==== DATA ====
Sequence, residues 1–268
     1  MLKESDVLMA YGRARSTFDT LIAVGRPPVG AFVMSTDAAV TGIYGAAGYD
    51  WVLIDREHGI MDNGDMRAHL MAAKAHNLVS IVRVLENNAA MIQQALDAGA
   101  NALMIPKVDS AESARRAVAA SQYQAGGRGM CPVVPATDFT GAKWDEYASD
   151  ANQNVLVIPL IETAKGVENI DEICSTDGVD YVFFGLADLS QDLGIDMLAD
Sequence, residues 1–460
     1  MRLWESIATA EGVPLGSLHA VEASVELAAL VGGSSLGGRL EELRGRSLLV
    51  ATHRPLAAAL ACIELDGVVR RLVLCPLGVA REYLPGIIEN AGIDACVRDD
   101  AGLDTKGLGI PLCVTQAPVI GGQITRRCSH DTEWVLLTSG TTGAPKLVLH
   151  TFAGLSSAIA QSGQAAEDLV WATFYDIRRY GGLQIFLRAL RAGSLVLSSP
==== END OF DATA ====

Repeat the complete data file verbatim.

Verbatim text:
Sequence, residues 1–268
     1  MLKESDVLMA YGRARSTFDT LIAVGRPPVG AFVMSTDAAV TGIYGAAGYD
    51  WVLIDREHGI MDNGDMRAHL MAAKAHNLVS IVRVLENNAA MIQQALDAGA
   101  NALMIPKVDS AESARRAVAA SQYQAGGRGM CPVVPATDFT GAKWDEYASD
   151  ANQNVLVIPL IETAKGVENI DEICSTDGVD YVFFGLADLS QDLGIDMLAD
Sequence, residues 1–460
     1  MRLWESIATA EGVPLGSLHA VEASVELAAL VGGSSLGGRL EELRGRSLLV
    51  ATHRPLAAAL ACIELDGVVR RLVLCPLGVA REYLPGIIEN AGIDACVRDD
   101  AGLDTKGLGI PLCVTQAPVI GGQITRRCSH DTEWVLLTSG TTGAPKLVLH
   151  TFAGLSSAIA QSGQAAEDLV WATFYDIRRY GGLQIFLRAL RAGSLVLSSP